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Doctors Explain how Hiking Helps Our Mental Well-Being

While it is general knowledge that time spent hiking in the great outdoors can put your mind, body and soul at ease, doctors are discovering that it can actually change your brain for the better.

In an article by Collective Evolution, they explore the ways hiking can better our minds, especially those dealing with anxiety and depression. The initial content derives from a study published in Proceedings of the National Academy of Sciences that found that time spent in nature can reduce negative, obsessive thoughts significantly.

In the study, they compared the rumination of participants who hiked through urban vs. a natural environment (rumination, in psychology, is the compulsively focused attention on the symptoms of one’s distress).

Hiking In Nature Can Stop Negative Thoughts

In the study, they found that those hiking in a natural environment for 90 minutes reported lower levels of rumination while those who hiked in an urban environment didn’t report any change.

Taking ourselves out of urban spaces to spend time in the natural environment can greatly help our general well-being, both physically and mentally, researchers report.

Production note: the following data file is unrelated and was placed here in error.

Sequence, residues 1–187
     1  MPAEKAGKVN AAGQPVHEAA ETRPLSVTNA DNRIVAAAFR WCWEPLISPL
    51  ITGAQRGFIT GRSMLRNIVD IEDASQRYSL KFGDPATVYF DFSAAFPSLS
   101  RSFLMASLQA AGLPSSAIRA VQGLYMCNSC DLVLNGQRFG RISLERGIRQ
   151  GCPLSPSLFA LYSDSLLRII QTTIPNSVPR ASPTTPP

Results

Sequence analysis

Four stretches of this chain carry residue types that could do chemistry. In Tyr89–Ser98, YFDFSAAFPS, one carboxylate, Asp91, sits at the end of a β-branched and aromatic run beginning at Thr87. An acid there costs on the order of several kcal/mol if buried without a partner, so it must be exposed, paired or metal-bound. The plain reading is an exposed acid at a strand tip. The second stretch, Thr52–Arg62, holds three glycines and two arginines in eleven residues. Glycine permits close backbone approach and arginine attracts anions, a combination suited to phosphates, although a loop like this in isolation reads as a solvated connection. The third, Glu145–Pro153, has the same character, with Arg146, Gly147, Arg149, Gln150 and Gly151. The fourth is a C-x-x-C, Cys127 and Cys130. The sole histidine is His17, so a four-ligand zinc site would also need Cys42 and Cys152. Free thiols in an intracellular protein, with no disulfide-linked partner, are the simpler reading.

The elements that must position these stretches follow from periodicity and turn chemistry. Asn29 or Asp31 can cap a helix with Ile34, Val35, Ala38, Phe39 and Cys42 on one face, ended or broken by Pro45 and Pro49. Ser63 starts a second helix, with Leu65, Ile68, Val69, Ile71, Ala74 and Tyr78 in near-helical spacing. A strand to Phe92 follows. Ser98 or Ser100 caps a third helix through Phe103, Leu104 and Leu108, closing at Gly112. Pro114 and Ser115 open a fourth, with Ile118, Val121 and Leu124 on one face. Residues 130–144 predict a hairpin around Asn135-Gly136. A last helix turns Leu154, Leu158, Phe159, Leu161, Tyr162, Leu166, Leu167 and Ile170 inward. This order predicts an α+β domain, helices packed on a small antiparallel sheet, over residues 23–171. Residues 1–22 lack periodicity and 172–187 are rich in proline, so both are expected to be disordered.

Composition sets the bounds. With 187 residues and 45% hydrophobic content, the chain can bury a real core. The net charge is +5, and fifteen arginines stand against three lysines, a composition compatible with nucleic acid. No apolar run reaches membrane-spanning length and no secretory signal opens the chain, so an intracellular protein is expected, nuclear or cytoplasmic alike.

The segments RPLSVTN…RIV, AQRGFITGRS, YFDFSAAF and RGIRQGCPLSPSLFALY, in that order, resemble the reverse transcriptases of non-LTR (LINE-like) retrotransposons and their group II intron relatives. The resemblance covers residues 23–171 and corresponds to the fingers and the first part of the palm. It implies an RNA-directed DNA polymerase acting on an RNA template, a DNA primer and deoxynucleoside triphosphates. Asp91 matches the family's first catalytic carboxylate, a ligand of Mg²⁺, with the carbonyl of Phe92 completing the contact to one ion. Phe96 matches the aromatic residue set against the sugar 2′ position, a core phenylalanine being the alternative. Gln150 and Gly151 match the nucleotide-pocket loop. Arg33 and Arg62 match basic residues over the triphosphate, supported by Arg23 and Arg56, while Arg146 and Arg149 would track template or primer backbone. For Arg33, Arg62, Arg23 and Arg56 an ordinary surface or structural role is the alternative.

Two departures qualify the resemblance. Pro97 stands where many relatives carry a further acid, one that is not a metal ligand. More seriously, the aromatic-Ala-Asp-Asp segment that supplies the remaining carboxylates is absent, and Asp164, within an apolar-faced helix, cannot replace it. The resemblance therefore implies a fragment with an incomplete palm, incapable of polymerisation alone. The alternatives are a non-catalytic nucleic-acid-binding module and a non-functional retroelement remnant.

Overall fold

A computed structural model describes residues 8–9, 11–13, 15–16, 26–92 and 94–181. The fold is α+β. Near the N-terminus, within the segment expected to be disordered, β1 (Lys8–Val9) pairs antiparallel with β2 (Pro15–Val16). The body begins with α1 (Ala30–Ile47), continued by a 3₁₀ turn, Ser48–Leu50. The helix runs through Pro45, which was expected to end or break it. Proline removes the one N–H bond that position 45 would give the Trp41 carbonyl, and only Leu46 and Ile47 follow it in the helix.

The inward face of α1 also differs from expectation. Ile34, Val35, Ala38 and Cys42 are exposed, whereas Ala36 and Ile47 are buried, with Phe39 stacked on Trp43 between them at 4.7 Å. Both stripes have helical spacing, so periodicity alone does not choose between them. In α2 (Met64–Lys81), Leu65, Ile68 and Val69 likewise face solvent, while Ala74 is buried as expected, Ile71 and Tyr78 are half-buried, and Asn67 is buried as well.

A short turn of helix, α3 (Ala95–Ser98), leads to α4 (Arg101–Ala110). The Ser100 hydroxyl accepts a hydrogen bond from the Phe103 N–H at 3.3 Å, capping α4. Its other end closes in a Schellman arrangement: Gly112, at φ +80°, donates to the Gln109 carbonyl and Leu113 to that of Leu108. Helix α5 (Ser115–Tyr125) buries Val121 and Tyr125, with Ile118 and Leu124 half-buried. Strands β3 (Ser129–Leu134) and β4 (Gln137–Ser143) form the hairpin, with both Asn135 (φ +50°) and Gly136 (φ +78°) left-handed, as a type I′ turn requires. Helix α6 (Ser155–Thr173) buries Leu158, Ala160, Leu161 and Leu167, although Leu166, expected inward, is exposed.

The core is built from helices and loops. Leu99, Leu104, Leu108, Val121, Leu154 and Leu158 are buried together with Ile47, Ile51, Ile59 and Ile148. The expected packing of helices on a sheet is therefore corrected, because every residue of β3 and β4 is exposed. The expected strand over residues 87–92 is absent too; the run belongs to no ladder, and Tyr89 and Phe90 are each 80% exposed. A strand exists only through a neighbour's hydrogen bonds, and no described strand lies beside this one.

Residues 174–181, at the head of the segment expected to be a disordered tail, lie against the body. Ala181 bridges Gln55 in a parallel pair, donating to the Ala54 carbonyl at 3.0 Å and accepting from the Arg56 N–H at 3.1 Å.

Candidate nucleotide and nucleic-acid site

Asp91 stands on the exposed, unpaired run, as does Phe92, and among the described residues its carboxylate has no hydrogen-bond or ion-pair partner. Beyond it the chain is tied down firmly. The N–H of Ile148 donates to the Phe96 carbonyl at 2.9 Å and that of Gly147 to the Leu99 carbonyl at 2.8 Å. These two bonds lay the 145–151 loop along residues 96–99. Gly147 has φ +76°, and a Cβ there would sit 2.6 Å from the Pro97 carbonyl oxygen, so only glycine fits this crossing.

Photo by Moyan Brenn

Technology-Free Hiking Boosts Creative Problem Solving

Creative problem solving is greatly boosted by disconnecting from technology and immersing yourself in nature.

In a study conducted by psychologists Ruth Ann Atchley and David L. Strayer, they organized participants to backpack through nature for four days, without technology. They were asked to complete a variety of tasks which demanded problem solving and creative solutions. The results were incredible. The performance of their problem solving skills improved 50% in this technology-free hiking trip.

The researched note that urban noise and technology are extremely disruptive that prevent us from focusing. A hike can greatly increase creative thinking and soothe your mind.

Your Brain Is Stronger After A Hike In Nature

In a study from the University of British Columbia, they found that aerobic exercise increases spatial and episodic memory in women over 70 and can help prevent memory loss.

Photo by Amar Dhari

Did you know?

1. Hiking can reduce stress and anxiety, boost self-esteem, and release endorphins.
2. Urbanization is closely related with increased cases of depression and other mental illnesses.
3. Hiking in nature can improve ADHD in children.

So get yourself out into the world and start hiking. Learn more over at Collective Evolution and check out some of our best places to take a hike in Toronto!

(Main photo courtesy of Loren Kerns via Flickr)

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